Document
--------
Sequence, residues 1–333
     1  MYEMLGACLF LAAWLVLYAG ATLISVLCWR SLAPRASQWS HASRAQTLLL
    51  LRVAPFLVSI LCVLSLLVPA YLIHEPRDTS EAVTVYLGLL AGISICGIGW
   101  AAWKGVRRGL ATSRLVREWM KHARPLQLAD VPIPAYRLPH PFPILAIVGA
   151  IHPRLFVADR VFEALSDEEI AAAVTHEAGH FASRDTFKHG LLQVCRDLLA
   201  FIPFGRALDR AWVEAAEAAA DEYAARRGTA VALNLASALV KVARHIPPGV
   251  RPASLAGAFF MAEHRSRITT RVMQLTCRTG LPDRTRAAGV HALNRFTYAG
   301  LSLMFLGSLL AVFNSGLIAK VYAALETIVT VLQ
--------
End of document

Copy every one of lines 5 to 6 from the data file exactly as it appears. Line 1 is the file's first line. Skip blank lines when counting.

   151  IHPRLFVADR VFEALSDEEI AAAVTHEAGH FASRDTFKHG LLQVCRDLLA
   201  FIPFGRALDR AWVEAAEAAA DEYAARRGTA VALNLASALV KVARHIPPGV